CNO: Aviation-Capable Combatant Needed in Future Fleet

The aircraft carrier USS Nimitz (CVN 68) departs the Gulf of Bahrain after a maintenance and logistics visit in Bahrain. CNO Adm. Michael Gilday says Battle Force 2045 will include eight to 11 aircraft carriers for the high-end fight. U.S Army / William Gore)

ARLINGTON, Va. — The chief of naval operations (CNO) said that the future naval fleet will need some sort of aviation-capable ship in the 2045 time frame, but the form of that capability is not yet in focus. 

Speaking Oct. 13 in a Defense One webinar, CNO Adm. Michael Gilday addressed in general terms the forthcoming 2045 Future Naval Force Study for Battle Force 2045 to be released soon by the Defense Department. Defense Secretary Mark Esper, speaking Oct. 6 at the Center for Strategic and Budgetary Analysis, said that Battle Force 2045 would include a force of eight to 11 aircraft carriers for the high-end fight — equipped with the carrier air wing of the future. The Navy will study the possibility of building up to six light carriers — equipped with short takeoff/vertical landing strike aircraft — to free up the super carriers for the high-end fight.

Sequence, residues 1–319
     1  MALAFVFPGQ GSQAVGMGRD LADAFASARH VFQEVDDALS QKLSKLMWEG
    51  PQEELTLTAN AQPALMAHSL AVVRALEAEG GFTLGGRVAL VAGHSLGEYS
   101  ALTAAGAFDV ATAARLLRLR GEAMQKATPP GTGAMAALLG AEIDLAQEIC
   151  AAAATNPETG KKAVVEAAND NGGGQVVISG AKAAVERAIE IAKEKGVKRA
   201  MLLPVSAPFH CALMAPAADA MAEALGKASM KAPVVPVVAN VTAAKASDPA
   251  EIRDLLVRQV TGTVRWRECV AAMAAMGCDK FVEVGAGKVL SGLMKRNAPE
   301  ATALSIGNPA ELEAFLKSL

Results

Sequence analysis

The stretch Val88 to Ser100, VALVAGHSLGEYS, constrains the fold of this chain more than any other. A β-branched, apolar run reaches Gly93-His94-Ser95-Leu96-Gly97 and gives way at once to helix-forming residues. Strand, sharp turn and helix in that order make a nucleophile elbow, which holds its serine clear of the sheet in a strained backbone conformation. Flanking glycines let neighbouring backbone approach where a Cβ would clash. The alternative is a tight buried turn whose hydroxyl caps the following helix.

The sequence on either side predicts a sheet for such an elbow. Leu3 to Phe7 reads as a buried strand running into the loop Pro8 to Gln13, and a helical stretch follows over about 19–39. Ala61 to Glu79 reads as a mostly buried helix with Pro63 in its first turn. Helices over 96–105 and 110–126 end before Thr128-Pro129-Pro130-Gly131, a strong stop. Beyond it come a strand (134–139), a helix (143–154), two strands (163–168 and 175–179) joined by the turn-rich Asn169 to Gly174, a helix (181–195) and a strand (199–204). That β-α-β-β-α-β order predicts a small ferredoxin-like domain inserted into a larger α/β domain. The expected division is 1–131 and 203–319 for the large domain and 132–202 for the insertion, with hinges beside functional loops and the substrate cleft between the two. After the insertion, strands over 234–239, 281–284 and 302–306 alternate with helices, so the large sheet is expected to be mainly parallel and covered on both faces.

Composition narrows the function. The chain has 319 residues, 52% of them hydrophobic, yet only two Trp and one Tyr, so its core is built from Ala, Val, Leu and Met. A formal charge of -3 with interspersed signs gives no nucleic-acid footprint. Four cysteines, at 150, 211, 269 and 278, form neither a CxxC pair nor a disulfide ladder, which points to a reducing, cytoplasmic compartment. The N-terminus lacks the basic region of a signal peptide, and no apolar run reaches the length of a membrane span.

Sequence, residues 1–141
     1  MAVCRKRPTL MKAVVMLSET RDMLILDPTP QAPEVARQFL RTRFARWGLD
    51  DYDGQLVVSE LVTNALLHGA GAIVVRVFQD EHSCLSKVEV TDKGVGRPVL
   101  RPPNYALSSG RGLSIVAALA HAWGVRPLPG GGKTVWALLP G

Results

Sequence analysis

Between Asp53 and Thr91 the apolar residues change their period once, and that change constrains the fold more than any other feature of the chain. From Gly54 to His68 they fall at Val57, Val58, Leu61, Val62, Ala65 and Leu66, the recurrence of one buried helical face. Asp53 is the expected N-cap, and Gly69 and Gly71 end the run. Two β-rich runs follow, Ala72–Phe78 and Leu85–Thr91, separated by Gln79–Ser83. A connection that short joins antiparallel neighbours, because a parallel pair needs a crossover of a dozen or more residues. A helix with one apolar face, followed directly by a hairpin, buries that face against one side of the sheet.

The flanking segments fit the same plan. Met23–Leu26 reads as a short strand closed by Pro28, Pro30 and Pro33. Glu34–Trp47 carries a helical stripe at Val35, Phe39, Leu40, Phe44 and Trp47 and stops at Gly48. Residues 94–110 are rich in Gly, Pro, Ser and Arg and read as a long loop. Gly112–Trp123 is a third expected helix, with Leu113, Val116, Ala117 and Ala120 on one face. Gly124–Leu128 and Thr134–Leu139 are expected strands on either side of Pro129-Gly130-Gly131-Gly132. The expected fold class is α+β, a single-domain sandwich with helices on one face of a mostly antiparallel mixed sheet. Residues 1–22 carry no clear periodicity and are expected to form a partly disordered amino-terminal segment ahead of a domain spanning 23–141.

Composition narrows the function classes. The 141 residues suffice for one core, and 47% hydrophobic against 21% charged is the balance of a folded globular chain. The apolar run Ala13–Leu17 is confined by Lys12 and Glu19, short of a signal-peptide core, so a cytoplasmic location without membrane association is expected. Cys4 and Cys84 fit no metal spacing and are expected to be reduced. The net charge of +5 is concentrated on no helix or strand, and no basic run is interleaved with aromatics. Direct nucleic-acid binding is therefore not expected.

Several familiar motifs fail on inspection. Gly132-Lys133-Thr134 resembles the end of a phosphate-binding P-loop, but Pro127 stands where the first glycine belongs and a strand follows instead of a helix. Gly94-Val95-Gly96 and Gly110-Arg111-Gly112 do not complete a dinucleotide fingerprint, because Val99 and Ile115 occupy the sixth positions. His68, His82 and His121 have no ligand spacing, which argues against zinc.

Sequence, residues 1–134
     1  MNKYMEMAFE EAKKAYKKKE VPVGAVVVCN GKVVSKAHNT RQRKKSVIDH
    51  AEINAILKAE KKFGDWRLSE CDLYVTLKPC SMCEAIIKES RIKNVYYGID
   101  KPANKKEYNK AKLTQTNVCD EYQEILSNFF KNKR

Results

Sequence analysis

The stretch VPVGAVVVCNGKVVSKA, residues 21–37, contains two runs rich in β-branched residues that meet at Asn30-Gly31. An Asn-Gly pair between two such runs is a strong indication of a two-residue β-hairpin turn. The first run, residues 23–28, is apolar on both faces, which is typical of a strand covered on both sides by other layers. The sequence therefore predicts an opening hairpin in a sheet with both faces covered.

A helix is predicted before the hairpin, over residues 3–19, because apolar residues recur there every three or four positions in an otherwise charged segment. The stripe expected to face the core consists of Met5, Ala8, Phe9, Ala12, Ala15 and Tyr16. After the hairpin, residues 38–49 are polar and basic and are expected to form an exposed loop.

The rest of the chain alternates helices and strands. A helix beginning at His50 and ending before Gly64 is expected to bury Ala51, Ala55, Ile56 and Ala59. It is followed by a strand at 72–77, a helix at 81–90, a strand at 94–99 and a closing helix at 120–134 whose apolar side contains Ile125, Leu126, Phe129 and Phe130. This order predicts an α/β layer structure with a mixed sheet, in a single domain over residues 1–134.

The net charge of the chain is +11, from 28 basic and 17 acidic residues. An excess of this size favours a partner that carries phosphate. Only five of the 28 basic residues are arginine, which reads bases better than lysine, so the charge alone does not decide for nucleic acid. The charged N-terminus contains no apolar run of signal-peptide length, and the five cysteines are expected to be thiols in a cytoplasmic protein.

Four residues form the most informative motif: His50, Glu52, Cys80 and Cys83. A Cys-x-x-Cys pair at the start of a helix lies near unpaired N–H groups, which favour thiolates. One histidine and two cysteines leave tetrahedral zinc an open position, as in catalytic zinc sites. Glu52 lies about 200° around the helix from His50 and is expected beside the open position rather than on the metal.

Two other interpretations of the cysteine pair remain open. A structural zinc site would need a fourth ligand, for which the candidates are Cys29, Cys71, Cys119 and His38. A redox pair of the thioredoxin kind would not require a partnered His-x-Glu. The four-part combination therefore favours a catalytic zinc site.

Gilday said “the hidden point that need to be drawn out is the comparison — or not — to light carriers. … Whether or not the aviation platform of the future looks like the [USS] Gerald R. Ford or the Nimitz class is questionable. It’s largely going to be driven by payload.” 

The CNO said that considering 0 to 6 light carriers in the study “allows us to do much more deeper analysis about what type of functions in a distributed maritime fight across the spectrum of conflict might we want a smaller aviation combatant to do. One example might be IRS&T [intelligence, surveillance, reconnaissance and targeting].” 

He said that the Navy had a gap in IRS&T capability and asked if that gap could be closed with something smaller than a supercarrier, not necessarily taking on the carrier’s role of long-range strike, but supplementing the capabilities of a super carrier. 

Gilday said that studies of large carriers versus smaller carriers in the past jostled with issues such as nuclear propulsion versus conventional propulsion, sortie rate, sustainability, “that leads to a fait accompli that the smaller carrier just doesn’t compete with the supercarrier. 

“I think that’s just a set of false choices,” he said. “The United States Navy needs to take a look at where we’re going to go in the future, which there is a requirement — which I think is likely — to deliver effects down range from the sea through the air, I think that some type of aviation combatant is going to be required.”